Comment: Are mandatory vaccinations reasonable? The Charter says no

A commentary by a Victoria resident with an interest in current affairs.

Whether to vaccinate or not is pretty much a scientific debate, and the preponderance of evidence is that it is generally a great idea, for both the person and the community.

You should probably give your head a good shake if you don’t want yourself and those around you to be vaccinated. But should it be permitted to make it mandatory? That is a legal and philosophical argument, and I would judge that it should not.

The Charter grants us fundamental rights and freedoms that must only be impinged upon under carefully described conditions. That is the first guarantee in the Charter.

Before considering the specific case of COVID-19, consider the general case of the state commanding you to surrender your rights and perform or refrain from some action.

What could those be that are so paramount you must acquiesce? Some might be urgent, such as forcing evacuation, some might be obvious, like not shouting “fire” in a theatre.

But the case has to be compelling for the state to intrude upon your rights. There has to be a clear and overwhelming argument that there are no other “reasonable” courses of action before the fundamental rights are voided.

And the state has to, not just should, consider the least and less numerous of its constituents, lest the mob rule of the majority overwhelm those ­“others.” This is fortunate, given the current court of social media where fortunes are made and lives ruined on the power of a terse tweet.

The state passes laws and regulations ostensibly to preserve us, and more than a few of them get overturned because they have gone a step too far. Laws restricting abortions, segregation laws, etc. Even though the majority (at the time) supported such state interference, the courts, with their generally deeper knowledge, saw otherwise.

There are several major problems with a “popularly” called for and instituted mandatory edict. One of the major ones is that they tend to be contagious, and if one legislative body enacts it, others tend to follow suit, without due regard to all the consequences.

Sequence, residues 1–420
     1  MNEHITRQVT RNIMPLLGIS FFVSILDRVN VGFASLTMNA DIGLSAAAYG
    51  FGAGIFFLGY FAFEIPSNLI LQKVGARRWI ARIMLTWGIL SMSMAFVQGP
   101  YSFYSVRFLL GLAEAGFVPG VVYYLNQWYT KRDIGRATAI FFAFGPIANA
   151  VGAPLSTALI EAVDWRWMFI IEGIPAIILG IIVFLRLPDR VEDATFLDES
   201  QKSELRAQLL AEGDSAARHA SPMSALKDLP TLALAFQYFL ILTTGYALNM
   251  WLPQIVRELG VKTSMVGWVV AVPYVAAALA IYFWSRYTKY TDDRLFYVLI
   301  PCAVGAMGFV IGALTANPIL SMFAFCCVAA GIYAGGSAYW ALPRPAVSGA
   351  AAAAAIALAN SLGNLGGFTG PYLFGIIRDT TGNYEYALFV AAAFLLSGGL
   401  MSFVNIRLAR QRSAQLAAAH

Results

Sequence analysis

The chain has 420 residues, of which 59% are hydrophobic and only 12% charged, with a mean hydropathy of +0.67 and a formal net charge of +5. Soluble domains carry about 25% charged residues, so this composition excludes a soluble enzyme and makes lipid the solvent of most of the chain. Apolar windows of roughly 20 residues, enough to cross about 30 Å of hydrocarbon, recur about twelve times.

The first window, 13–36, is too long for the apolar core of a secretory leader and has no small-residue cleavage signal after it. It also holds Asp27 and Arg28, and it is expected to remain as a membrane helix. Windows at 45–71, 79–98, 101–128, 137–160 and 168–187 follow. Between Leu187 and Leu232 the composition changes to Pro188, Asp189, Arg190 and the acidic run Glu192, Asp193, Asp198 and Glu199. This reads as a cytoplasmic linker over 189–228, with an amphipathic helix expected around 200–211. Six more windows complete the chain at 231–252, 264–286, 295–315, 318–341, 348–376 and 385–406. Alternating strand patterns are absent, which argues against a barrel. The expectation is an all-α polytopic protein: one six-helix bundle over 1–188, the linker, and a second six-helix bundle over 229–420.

“If it was good enough for them, it’s good enough for us, and they set the precedent so how will we get in trouble?” This can quickly escalate so that nowhere is free from a pernicious rule. A knock-on consequence of that is it removes choice from the citizenry. If “everywhere” adopts a canon, you have nowhere left to exercise choice.

Another is the pressure that pushes out dissenting voices and discussion. “It’s the law” is not an argument; it is just a convenient way of avoiding having to back up your beliefs.

Such a rule needs to withstand the tests of “reasonable,” and reasonable should be decided by informed minds, but public opinion seems less and less able to rise to the level of reasonable, and remains just populist, and we know how that turned out recently. Dissenters are vilified, insulted, and repressed.

Specifically with regard to something like a vaccine, we need to be very sure that we must go to mandatory before we do.

Have we done all the other steps before we start stripping away freedoms? Did we properly educate about all the consequences, for and against? Are there alternative ways that are nearly as efficacious?

And how much of our personal safety can we impose on others? If we are vaccinated, we are significantly safer from both contracting and suffering from a disease. The few who don’t get it (literally) are far worse off, and we’re not too likely to freely associate with them, so our exposure is significantly reduced.

We have a lot of workplace rules and regulations involving procedure and PPE, however, at the end of the day or the job, we take that equipment and those restrictions off, and return to our free selves.

An injection does not have that release, it is in you there ever after. And at this early juncture, we cannot know all the future effects. Remember ­thalidomide?

And you have no recourse, because the governments have removed your right to sue on this one, so if there are consequences down the road, the government and Pharma are held harmless.

Not that I think there will be. I strongly doubt it, and got both my shots as soon as I could. But that was my choice, given to me under the Charter, and I wish that we all could continue to exercise our informed choice.

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